Thirty years after his dad was selected in the MLB Draft, Rocky Mountain High School grad Jackson Cluff (2015) followed in his footsteps Tuesday.
The Washington Nationals selected the BYU shortstop in the sixth round, 183rd overall, of the MLB Draft, as Cluff, his parents and his three siblings huddled around a laptop in the family’s Salt Lake City kitchen.
Cluff said the Nationals called him in the fifth round and told him they’d select him with their next pick. But Cluff still had to wait for his name to come across the screen for confirmation.
“With the draft, it’s so unexpected. It’s something you have no control over,” Cluff told the Idaho Statesman in a phone interview. “You’re hearing from scouts and they’re telling you, this, this and this. You get your hopes up and you hope it happens, but don’t really know.
“... When I saw my name pop up on the screen, it was awesome. It was something I’ve looked forward to my whole life as I’ve been playing this game.”
The 22-year-old Cluff said he plans to sign with the Nationals, forgoing his final two years of eligibility and reporting to the team’s facility in Florida on Sunday. The slot value for the 183rd overall pick is $266,000, according to MLB.com.
Cluff broke out for BYU in his sophomore season this spring. Scouts didn’t expect much from him after a two-year layoff to serve a church mission in Georgia. But he hit .327 and slugged .518 with four home runs, 56 RBIs and 12 stolen bases in 53 games to earn a spot on the West Coast all-conference first team.
He also earned two national player of the week honors this spring, the first in BYU history to do so.
“I didn’t go around telling everyone, ‘Hey, my goal is to go in the fifth round or the 10th round,’” Cluff said. “But I always had an idea what kind of player I believed I was. And I believed if I put in the work, and with the help of my coaches and teammates, I could get to the point where I could get ready for professional baseball.”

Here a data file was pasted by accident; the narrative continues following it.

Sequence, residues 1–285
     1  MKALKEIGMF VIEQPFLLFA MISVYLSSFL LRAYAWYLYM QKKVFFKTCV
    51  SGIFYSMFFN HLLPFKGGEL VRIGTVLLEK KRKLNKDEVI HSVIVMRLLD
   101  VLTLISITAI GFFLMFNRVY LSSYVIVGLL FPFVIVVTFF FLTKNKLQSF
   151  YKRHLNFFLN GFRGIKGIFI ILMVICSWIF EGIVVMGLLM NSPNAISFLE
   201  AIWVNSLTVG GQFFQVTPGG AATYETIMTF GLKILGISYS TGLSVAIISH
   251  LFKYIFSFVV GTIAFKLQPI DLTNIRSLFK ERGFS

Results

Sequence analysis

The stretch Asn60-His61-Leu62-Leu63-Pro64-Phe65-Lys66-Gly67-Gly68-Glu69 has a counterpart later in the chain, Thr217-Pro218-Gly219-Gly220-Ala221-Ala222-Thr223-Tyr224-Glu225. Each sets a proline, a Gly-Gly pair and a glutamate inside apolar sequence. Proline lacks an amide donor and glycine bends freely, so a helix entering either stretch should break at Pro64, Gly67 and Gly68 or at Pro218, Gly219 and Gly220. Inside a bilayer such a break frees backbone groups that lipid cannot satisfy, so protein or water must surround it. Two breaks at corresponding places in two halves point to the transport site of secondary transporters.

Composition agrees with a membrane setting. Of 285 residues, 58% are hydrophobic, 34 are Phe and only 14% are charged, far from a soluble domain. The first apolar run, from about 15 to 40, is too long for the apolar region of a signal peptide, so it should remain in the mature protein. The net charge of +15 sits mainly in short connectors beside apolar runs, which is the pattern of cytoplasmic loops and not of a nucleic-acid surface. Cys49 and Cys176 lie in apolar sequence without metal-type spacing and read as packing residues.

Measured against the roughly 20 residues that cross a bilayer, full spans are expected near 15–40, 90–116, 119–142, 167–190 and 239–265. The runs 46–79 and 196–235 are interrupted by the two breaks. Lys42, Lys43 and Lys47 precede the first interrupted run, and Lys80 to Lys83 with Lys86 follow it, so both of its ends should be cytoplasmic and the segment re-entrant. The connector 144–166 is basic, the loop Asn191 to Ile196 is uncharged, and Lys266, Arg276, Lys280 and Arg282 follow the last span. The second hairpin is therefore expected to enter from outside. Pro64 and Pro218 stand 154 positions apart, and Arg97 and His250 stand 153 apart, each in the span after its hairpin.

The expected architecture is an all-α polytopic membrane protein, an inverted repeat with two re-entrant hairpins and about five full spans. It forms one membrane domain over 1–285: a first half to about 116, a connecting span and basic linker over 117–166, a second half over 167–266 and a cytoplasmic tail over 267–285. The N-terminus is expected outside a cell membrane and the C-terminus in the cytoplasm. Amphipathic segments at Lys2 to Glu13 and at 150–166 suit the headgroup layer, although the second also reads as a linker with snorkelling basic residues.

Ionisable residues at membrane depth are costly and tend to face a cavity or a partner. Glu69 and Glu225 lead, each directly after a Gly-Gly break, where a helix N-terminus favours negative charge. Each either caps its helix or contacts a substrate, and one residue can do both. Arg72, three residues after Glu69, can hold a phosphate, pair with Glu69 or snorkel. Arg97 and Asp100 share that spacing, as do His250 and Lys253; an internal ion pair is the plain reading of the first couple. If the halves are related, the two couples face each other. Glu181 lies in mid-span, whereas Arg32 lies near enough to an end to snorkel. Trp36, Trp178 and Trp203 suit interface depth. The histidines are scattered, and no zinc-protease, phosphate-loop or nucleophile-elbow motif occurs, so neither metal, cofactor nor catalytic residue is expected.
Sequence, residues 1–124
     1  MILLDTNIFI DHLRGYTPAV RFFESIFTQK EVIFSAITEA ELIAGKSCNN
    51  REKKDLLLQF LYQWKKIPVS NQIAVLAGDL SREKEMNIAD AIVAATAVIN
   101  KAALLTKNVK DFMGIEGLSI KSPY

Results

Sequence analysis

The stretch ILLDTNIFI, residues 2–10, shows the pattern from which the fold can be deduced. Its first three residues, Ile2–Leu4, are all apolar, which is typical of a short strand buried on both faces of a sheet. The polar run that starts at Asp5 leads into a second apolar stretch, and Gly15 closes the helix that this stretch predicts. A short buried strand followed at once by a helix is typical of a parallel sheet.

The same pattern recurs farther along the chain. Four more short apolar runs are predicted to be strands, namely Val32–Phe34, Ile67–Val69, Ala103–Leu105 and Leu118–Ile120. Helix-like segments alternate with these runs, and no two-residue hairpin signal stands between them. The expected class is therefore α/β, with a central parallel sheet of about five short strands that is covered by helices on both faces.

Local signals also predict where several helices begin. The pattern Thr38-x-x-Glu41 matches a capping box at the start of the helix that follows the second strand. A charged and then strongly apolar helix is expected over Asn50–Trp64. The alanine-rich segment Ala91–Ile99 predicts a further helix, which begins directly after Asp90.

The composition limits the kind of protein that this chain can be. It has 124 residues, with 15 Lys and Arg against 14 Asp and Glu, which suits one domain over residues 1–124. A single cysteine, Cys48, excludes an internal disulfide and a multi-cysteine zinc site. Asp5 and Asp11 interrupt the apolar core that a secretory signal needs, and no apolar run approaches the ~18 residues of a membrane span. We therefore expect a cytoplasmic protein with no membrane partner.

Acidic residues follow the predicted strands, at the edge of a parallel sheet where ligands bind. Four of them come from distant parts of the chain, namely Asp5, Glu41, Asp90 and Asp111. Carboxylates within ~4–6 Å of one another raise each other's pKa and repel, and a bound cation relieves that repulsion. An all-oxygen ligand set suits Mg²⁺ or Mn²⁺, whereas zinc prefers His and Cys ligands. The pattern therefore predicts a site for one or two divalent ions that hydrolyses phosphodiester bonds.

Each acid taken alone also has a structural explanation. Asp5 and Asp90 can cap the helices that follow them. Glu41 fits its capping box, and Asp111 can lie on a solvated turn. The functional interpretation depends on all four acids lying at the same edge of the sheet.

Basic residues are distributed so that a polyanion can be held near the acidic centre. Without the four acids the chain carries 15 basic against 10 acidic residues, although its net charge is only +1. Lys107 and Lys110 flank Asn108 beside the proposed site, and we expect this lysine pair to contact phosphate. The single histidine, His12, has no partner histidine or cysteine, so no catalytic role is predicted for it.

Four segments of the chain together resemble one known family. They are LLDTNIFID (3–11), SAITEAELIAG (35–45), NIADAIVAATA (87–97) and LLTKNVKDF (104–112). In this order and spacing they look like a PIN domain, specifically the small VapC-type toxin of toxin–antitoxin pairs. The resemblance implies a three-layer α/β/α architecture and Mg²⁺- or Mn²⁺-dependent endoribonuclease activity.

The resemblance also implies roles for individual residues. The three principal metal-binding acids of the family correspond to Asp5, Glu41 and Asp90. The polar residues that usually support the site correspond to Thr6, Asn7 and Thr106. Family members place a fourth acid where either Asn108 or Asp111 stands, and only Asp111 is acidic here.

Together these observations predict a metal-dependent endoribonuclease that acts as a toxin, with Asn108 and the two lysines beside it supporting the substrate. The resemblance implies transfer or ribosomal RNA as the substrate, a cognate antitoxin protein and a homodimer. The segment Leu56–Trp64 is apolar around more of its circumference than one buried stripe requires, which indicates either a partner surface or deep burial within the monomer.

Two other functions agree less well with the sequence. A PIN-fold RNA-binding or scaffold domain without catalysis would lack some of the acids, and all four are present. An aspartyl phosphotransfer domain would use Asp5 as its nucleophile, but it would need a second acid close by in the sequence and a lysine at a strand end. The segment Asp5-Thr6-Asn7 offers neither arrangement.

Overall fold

Cluff said the Nationals view him as a long-term prospect at shortstop. But he also said the club valued the versatility that allows him to play every position but pitcher, catcher and first base.
Tuesday’s selection extends the family’s professional baseball legacy. The Boise Hawks took Cluff’s father, Paul Cluff, in the fourth round in 1989 when independent minor league clubs also participated in the MLB Draft.
Paul Cluff, a two-time All-American at BYU, played one season with the independent Boise Hawks. He hit .270 before Boise became an affiliate of the California Angels the next season.
“We were sitting around and all smiling, and my sister goes, ‘Just so know, he was taken earlier a little bit earlier,’” Cluff said. “And I said, ‘Hey, we’ll see if I can get a little farther.’
“I wasn’t going to pop off. I’ve still got a long road ahead of me.”
Cluff was a three-year starter on Rocky Mountain’s baseball team, earning first-team, 5A SIC all-conference honors as a junior and a senior. He hit .386 with two home runs and 27 RBIs as a senior, leading Rocky Mountain to the 2015 district title and a 27-0 record entering the 5A state tournament. The Grizzlies then lost their first two games at state in upsets.
Cluff’s selection continues Rocky Mountain’s tradition of producing professional baseball players. The San Diego Padres took Mason Smith in fourth round out of high school in 2013, and the Los Angeles Dodgers took Isaac Anderson in the 40th round in 2015 out of Wichita State.
Both have since retired.
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Yankoff (6-4, 210) graduated from Coeur d’Alene High in 2018 as four-star recruit and the country’s No. 6 dual-threat quarterback, according to 247Sports. But the incoming redshirt freshman found himself buried on the depth chart as Washington continued to add highly touted quarterbacks.
Yankoff was the 5A and all-class player of the year as a junior, racking up 4,132 total yards and 54 TDs in 10 games. The U.S. Army All-American then earned a spot on the 5A All-Idaho first team as a senior after totaling 3,423 yards and 34 TDs to lead Coeur d’Alene to a state runner-up finish.
Yankoff originally had offers from Boise State, Oregon, Nebraska and Tennessee, among others, in high school. UCLA did not recruit him.
UCLA heads into the fall with just three quarterbacks on its roster. Yankoff will have to sit out the 2019 season per NCAA transfer rules before returning in 2020 with three years of eligibility left.